@Seth – it’s always a pleasure to read a well-thought out, detailed explanation of reality vs. (some) developers’ dreams. Referring back to the 1983 article above, I was saddened by the philosophy expressed by Larry Kline (but not exclusive to him) that “if you can’t buy it, develop it and make money from it, then there’s no use doing it”. Imagine what an ugly community we would have if that perspective dictated how our community would grow with every lot built to the max. Imagine Mission Beach, as dense as it is, if the community plan didn’t have FARs and the 30′ height limit. And thank you, Mike James, for a history lesson that will help inform the future of OB.

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avatar Mike James September 19, 2011 at 8:09 am

Seth,
Thank you for your clarification of the status of the Precise Plan. Also thank you for your efforts as a guardian of the community.

It seems to me we must keep vigilant on any changes to Prop D and/or the floor-area-ratios. Please keep us informed and know that they many of us are ready to assist you on once again rallying the community to stop those who wish develop Ocean Beach without regard to its unique character.
Mike

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avatar mr.rick September 19, 2011 at 9:27 am

If FAR and the Precise Plan are under cut, maybe these dumb asses will be stupid enough to try and finish the “Jetty”. That ought to wake some people up.

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avatar Geoff Page June 24, 2014 at 10:00 am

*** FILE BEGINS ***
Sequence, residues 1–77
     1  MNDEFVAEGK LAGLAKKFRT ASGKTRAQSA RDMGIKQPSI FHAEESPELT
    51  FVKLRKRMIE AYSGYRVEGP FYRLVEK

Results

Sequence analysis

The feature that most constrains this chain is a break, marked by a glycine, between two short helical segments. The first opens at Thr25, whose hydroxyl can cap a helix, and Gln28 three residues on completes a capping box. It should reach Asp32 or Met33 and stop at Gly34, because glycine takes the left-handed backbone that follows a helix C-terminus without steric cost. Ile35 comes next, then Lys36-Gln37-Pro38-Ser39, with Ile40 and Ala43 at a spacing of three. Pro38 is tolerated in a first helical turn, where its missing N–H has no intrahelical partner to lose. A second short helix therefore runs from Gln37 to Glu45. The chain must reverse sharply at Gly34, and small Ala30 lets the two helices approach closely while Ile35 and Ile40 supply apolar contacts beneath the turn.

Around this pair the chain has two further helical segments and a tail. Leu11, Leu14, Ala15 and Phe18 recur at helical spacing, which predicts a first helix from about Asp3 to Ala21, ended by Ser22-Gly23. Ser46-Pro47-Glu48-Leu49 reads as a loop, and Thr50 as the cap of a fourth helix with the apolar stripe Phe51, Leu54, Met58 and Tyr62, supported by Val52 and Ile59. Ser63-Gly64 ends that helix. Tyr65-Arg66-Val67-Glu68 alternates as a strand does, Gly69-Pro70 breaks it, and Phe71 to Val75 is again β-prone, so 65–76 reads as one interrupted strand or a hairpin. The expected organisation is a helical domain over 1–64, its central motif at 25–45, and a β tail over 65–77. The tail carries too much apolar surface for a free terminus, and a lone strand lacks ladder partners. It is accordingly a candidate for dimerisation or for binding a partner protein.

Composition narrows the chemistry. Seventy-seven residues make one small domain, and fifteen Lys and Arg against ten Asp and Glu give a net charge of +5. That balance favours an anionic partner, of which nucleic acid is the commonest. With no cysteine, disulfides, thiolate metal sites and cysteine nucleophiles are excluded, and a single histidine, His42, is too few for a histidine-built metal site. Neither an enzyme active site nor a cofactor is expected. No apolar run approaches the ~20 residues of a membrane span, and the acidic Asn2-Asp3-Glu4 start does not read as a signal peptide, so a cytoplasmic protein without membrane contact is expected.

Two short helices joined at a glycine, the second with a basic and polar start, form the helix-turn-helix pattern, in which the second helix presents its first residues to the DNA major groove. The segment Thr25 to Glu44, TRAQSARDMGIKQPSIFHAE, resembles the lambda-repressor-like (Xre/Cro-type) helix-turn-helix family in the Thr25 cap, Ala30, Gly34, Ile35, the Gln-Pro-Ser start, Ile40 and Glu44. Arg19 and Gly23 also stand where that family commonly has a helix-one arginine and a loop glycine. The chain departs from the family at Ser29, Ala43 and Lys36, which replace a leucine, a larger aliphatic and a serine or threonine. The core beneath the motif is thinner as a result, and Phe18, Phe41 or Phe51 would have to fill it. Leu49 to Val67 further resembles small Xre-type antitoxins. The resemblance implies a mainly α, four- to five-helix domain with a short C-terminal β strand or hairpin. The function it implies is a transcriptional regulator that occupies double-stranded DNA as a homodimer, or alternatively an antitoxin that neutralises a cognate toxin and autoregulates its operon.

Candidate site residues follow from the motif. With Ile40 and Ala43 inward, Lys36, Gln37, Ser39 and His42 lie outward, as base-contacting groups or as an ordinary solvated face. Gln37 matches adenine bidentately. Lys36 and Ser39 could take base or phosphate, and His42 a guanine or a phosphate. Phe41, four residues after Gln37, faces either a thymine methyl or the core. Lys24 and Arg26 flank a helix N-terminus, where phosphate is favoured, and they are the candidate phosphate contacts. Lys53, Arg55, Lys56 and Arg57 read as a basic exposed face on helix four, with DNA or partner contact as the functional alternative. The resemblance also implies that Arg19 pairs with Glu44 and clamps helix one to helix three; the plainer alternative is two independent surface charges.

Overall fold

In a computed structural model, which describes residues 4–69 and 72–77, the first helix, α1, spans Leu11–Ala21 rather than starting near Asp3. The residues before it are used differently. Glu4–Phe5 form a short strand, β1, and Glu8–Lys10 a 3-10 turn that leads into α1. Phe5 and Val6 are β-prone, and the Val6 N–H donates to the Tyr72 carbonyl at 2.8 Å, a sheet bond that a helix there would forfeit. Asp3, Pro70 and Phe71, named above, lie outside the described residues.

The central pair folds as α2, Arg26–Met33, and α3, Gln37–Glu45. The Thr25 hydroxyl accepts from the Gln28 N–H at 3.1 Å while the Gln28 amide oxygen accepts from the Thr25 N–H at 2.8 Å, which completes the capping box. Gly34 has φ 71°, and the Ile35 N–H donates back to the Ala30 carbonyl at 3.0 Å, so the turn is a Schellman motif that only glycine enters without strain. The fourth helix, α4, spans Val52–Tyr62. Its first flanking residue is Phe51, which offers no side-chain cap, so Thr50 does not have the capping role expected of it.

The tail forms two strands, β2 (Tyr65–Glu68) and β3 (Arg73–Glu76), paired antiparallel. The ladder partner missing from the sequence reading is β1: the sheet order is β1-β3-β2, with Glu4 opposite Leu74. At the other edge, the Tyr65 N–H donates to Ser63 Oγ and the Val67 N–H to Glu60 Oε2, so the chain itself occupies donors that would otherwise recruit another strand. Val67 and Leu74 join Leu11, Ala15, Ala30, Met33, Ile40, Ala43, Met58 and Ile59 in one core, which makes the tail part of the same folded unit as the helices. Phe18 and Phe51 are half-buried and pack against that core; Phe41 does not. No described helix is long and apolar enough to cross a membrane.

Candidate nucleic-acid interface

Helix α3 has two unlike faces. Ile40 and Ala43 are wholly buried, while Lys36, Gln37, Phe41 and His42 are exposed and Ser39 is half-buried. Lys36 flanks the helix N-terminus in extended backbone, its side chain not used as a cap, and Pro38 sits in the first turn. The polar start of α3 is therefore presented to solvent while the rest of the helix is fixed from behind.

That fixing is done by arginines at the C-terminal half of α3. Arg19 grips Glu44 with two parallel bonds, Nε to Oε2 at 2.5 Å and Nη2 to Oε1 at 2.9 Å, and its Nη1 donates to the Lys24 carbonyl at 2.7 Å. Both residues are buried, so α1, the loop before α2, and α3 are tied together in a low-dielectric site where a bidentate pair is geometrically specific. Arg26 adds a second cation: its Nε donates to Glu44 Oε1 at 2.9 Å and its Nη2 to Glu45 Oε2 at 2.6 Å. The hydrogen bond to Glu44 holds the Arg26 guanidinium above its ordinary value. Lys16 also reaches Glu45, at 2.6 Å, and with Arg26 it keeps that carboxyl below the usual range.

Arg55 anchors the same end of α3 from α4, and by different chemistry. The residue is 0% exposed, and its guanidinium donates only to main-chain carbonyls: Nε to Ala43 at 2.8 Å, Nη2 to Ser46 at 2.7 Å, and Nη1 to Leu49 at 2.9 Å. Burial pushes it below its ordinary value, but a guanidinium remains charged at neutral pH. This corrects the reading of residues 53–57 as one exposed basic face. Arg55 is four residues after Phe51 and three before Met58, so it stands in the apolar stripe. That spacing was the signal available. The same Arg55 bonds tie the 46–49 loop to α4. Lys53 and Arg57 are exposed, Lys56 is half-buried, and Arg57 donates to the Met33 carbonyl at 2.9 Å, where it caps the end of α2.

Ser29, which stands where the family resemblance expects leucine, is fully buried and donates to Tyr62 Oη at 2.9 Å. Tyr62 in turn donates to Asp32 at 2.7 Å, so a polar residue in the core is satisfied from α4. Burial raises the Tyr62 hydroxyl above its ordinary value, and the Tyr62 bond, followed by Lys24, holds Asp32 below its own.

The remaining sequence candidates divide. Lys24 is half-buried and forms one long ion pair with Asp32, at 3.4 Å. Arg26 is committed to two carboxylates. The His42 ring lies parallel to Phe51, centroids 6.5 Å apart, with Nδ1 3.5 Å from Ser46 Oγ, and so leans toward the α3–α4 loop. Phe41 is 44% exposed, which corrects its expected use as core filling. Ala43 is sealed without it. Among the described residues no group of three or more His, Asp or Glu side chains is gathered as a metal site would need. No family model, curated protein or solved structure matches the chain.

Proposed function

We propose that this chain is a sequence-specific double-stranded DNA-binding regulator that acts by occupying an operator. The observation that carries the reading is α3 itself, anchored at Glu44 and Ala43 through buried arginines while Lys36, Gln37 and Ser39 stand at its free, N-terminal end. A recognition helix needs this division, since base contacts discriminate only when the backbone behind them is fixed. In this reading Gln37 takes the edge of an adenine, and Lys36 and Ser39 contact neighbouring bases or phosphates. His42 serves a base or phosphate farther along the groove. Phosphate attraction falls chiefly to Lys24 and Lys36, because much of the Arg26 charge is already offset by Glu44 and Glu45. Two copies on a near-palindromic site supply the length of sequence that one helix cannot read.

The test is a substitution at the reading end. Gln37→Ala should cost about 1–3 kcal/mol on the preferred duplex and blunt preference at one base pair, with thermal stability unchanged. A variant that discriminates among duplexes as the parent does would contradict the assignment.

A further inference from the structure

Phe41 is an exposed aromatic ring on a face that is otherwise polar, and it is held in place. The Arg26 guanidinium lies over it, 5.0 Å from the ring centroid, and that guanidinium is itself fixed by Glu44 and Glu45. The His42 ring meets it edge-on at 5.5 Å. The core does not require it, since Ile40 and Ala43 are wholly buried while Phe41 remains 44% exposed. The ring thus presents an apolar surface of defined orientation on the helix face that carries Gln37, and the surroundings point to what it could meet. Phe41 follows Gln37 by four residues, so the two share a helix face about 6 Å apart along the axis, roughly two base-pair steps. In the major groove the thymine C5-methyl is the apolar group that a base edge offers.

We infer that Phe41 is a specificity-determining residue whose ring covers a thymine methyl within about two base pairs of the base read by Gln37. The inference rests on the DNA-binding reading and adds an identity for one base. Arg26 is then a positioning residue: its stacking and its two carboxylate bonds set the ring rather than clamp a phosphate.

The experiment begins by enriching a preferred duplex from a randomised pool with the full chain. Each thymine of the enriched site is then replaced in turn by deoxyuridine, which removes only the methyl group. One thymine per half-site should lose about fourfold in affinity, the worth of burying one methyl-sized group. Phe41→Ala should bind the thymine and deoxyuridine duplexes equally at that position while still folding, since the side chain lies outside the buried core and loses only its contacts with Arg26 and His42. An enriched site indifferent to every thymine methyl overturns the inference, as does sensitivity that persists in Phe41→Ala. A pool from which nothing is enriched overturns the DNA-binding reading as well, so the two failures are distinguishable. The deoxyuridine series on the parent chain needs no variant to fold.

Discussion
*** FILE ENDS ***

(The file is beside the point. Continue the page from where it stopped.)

“Local planning board member and homeowner Rich Grosch wanted the lesser density, he has already worked within its restrictions. Two years ago, he bought a home on a 50-foot-by-140-foot lot for $116,000. Since then he has added a two-room townhouse and a studio apartment in the back for $50,000. The townhouse rents for $575, the studio for $300.”

What zone was Mr. Grosch in that allowed a home, a townhome, and a studio, two of which were rented? I’m not familiar with a zone that allows that.

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avatar Marc Snelling June 24, 2014 at 10:19 am

Without a density increase OB would become an “instant slum”? HA! Only slum I’ve ever seen where the average property value is close to $1,000,000. Shows how short-sighted the developers were in ’83 and still are today.

I wish I had been around OB in these days to see an OB Merchants Association with Mike James at the helm. Guessing it was very different to the current OB Mainstreet Association and their private security plans, police trailer, and Starbucks ads.